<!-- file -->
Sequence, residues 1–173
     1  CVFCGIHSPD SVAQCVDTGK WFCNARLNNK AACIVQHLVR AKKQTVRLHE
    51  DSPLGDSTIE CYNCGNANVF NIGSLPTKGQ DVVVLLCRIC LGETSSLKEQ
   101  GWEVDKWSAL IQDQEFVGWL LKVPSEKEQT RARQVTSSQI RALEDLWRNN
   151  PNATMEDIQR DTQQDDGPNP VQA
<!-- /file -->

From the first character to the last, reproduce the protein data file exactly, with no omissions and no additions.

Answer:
Sequence, residues 1–173
     1  CVFCGIHSPD SVAQCVDTGK WFCNARLNNK AACIVQHLVR AKKQTVRLHE
    51  DSPLGDSTIE CYNCGNANVF NIGSLPTKGQ DVVVLLCRIC LGETSSLKEQ
   101  GWEVDKWSAL IQDQEFVGWL LKVPSEKEQT RARQVTSSQI RALEDLWRNN
   151  PNATMEDIQR DTQQDDGPNP VQA